My Mother’s Sewing Machine

There are shelves in my garage that contain boxes. Boxes of my children’s artwork from their elementary school years. Boxes of old letters. Boxes of books. And, on the bottom shelf is a box that has been taped shut for years. I’ve never opened this box, as its power over me is still too strong and I worry I might fall to pieces if I do.

Inside is my mother’s sewing machine, the kind that has a mechanical foot pedal, which has to be pumped with your foot in order for it to function. Once, there was a time that it was in constant use. But, for nearly two decades, it has remained untouched.

I remember how my mother would sit for hours, sewing. Her worn hands threading the needle, using her best scissors to cut the material, then gently guiding the fabric so that the stitching would line up perfectly.  And, wherever you were in the house, you could hear the machine’s gentle hum, as her right foot pressed down on the pedal, again and again.

Coordinated dresses, courtesy of my mother.

Coordinated dresses, courtesy of my mother.

My mother could be on her feet all day long, preparing coffee for my father, ironing his shirts, making the beds, or weeding in the garden. But, after dinner, she’d steal away for a few hours of peace, and sew. That sewing machine became an extension of her, as she poured her secrets, her passions, even her sorrow into it, for her sewing machine gave her comfort when all else failed, and it gave her boundless joy.

Yet, she didn’t always know how to sew. She took it up when I was gone.  I was eight years old at the time, and sent to live in Venezuela, my parents’ birthplace.

You see, there was a time when my parents planned to move back to their homeland. They sent me ahead, so I could start the school year on time. I boarded the plane by myself, and traveled to South America to live with an aunt and uncle and their three daughters.

But in the end, my parents decided to stay in New York. I missed my mother so much, I sometimes would sneak into my bedroom closet, and cry, as I yearned, more than anything, to see her again.

My mother made this dress for the holidays. That's me at 14.

My mother made this dress for the holidays. That’s me at about 15.

I guess my mother missed me, too, for to fill the void my absence created, she poured herself into her sewing. She took classes, and soon was whipping up dresses, skirts and blouses for me, and even for my dolls. All the love she couldn’t give me because of the distance between us, she gave to the clothing she made and would send to me.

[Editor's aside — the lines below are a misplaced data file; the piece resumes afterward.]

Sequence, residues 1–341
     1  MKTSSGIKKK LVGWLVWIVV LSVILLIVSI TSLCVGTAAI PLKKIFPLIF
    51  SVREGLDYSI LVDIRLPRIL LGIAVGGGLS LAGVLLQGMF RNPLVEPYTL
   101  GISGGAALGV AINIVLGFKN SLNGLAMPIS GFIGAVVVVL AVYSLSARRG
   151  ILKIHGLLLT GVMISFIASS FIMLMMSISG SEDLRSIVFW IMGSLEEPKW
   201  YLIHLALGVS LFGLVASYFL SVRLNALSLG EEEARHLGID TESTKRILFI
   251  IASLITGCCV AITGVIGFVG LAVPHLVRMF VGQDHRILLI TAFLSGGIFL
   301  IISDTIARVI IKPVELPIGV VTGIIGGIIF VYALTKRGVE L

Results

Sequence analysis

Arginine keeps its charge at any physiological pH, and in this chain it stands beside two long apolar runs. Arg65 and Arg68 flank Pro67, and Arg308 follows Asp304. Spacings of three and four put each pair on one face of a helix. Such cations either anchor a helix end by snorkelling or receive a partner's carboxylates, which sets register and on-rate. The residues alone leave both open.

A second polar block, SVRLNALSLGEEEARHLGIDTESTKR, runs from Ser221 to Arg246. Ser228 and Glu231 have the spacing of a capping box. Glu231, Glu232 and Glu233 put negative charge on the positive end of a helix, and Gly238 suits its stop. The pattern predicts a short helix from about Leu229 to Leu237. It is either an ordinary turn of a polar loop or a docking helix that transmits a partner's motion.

After a year, I returned, thrilled to see my family. Glad to be home at last. And, my mother’s passion for sewing continued through the decades.

I remember the last item she made. It was for my son. In second grade, he wanted to be a Teenage Ninja Turtle for Halloween. She bought a pattern, and went to work right away.

But, around this time, dementia started clouding my mother’s head, and she found herself forgetting how to sew.  She’d take out the fabric, her basket of brightly colored spools of thread, and her sewing tools. She’d look at them and feel frustrated, not quite remembering what to do. Finally, she reached out to some cousins, who also knew how to sew, and asked for their help.

I didn’t know this at the time, but later, at her funeral, the cousins told me how my mother had struggled with making that costume, yet was determined to get it done. Though, it pretty much took a village to finish it.

She shipped it out to me in San Diego, and that Ninja Turtle costume was the best I’d ever seen.  “Cowabunga,” as my son would say. He beamed with pride, wearing it in his school’s Halloween parade.

It was the last thing my mother ever sewed, and I still have the costume.  I cannot part with it anymore than I can part with my mother’s sewing machine.

When she moved to Florida, two years before she died, she and my father carefully packed her machine into a box and taped the box shut.  And, there it sits. On a shelf in my garage.

My son, second from left, in his Ninja Turtle costume.